On 2 April, water with a surface radiation reading of greater than 1000 mSv/hr was found to be leaking into the sea at unit 2 of the Daiichi reactor.

The water had pooled 10-20cm deep in a culvert with power cables near the water intake, and was leaking out of a 20cm crack, according to a report by NHK news republished by the Japan Atomic Industrial Forum. TEPCO staff began injecting concrete that same afternoon to try to close the crack, but without success. On 3 April a polymer absorbent was poured into the duct to try to stop the leak. The leak was the first documented leak of radioactivity into the sea, and might account for the high readings of radioactivity in the sea around the plant. On Wednesday 30 March iodine-131 was sampled at a point 40km south of Fukushima-Daiichi. The reading was 79.4 Bq/L, twice the legal standard for water discharged from nuclear power plants. The Japan nuclear and industrial safety agency said that radioactive iodine will be diluted in seawater and does not pose a threat to human health.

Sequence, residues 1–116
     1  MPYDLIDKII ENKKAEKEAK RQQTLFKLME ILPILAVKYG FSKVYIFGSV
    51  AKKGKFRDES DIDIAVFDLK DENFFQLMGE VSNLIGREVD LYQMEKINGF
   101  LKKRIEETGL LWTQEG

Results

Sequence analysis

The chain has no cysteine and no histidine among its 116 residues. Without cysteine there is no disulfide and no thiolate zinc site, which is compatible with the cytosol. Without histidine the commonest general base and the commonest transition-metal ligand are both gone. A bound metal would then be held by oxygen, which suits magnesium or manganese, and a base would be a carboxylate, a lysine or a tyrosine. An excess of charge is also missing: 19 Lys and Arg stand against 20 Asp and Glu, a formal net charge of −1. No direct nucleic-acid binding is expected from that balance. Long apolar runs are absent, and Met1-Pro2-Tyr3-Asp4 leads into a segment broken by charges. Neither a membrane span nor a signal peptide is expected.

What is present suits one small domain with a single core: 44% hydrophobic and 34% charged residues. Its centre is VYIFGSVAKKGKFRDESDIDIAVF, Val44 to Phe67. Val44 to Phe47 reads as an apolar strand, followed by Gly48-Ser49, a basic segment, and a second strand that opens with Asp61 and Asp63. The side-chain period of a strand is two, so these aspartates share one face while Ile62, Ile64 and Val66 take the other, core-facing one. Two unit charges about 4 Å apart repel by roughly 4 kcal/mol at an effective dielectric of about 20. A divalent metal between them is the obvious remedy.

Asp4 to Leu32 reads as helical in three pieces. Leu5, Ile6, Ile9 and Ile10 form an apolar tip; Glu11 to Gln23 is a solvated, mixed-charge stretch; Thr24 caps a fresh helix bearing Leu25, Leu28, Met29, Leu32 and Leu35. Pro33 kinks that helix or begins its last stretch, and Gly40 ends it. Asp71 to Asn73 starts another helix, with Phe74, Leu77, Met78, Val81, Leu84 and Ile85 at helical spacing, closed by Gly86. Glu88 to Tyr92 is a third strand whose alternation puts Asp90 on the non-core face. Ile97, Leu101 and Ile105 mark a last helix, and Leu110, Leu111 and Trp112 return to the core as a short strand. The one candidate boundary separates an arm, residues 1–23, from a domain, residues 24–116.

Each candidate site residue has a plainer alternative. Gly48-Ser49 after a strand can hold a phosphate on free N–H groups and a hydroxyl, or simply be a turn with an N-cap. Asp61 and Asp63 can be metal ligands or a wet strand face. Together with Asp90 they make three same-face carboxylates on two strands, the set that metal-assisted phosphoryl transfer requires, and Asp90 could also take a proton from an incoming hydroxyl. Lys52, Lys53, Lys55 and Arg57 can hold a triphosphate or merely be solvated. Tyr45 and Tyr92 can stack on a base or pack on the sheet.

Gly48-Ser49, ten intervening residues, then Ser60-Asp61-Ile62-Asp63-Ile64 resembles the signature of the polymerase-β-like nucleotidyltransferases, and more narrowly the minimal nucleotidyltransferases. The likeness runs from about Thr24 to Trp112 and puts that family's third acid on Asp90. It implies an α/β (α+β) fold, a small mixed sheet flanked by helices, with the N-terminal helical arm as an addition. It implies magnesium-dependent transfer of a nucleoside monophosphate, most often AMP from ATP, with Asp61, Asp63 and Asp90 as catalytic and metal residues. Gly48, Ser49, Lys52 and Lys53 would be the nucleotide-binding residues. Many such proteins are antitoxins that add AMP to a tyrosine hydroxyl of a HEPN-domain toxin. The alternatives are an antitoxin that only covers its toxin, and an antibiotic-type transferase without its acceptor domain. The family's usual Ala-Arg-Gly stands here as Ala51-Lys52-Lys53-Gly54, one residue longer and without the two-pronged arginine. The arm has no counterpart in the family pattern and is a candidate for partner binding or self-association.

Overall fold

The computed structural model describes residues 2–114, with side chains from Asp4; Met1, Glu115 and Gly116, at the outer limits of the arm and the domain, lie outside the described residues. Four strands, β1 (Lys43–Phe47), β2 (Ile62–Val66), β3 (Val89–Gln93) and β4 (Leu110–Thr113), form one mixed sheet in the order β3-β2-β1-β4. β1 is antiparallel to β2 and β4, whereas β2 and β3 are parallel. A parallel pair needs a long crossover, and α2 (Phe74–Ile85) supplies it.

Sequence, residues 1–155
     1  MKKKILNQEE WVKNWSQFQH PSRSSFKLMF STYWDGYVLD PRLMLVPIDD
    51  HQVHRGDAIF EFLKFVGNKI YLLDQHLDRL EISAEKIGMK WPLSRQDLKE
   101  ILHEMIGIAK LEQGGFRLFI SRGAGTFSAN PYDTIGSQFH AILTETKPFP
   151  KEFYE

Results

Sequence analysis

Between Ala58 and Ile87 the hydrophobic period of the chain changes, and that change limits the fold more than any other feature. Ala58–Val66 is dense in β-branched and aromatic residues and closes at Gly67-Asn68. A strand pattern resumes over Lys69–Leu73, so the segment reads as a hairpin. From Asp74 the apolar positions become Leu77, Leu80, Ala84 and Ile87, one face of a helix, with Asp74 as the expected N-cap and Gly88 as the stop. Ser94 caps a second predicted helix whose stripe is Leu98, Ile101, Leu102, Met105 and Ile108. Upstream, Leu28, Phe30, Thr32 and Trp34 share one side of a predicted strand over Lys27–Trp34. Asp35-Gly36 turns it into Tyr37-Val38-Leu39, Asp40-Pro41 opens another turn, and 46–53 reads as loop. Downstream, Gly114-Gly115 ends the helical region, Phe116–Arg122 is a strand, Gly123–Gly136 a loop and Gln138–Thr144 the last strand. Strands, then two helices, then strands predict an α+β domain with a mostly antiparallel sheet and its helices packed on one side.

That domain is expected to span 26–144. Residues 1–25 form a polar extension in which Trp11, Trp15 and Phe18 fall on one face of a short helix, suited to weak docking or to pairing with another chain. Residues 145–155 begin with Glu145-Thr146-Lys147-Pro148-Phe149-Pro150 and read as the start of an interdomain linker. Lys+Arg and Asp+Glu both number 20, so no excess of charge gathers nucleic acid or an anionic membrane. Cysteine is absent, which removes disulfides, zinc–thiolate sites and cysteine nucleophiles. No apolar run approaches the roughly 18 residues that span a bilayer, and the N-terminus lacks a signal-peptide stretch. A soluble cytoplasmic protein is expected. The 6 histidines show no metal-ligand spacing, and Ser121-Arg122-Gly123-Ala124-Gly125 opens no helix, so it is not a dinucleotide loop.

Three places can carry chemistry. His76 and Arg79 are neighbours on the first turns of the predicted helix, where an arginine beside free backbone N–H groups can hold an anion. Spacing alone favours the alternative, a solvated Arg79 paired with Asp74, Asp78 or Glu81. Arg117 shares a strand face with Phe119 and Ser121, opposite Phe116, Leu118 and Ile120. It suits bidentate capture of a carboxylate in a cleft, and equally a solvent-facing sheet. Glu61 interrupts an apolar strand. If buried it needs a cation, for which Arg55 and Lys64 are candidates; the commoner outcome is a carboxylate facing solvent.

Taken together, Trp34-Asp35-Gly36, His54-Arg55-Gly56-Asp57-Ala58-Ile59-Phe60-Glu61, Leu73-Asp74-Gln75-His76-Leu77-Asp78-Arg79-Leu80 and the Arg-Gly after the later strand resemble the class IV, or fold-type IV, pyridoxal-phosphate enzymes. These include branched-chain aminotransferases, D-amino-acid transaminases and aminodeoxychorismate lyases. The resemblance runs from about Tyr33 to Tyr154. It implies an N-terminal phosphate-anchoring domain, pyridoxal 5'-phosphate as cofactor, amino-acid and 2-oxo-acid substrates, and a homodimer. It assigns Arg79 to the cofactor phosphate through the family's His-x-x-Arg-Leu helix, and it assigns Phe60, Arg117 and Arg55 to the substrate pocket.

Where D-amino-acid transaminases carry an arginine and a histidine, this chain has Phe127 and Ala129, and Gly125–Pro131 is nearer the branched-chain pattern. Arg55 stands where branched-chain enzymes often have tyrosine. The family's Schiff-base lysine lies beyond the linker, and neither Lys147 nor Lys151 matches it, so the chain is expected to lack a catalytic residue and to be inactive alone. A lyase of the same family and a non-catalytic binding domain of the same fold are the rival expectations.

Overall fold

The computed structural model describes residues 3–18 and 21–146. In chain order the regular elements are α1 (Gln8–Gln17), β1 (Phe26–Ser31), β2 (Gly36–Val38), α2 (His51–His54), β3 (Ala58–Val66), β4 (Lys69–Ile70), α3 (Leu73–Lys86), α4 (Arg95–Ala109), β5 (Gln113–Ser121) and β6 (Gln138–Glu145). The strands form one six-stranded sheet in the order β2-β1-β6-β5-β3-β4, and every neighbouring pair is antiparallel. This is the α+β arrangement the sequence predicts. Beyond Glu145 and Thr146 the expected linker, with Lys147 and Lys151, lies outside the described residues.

In other news, temporary injection pumps at unit 1, 2 and 3 were plugged into site power connections on 3 April. The pumps will draw seawater to cool down circulating freshwater. Radiation levels remain too high to verify that on-site pumps have not been damaged by the earthquake.

TEPCO reduced the amount of water injected into units 1&2, saying that temperatures and pressures had stabilised.

On 2 April, a US military barge began pumping a store of fresh water that it has carried to tanks on land. A second US barge with 1300 tons of fresh water has arrived at the site.

The Japanese government and TEPCO have begun radiation monitoring tests inside the 20km exclusion zone around the Fukushima-Daiichi plant. Although tests have already been carried out beyond the exclusion zone, no measurements have been carried out inside that zone, since residents have evacuated the area and doing so would involve risk of radiation dose. However, at meeting with US and Japanese nuclear experts, US experts urged Japan to begin monitoring inside the zone to determine the extent to which radioactive substances are spreading, said NHK news. As a result, about 30 sites inside the zone are now being monitored.

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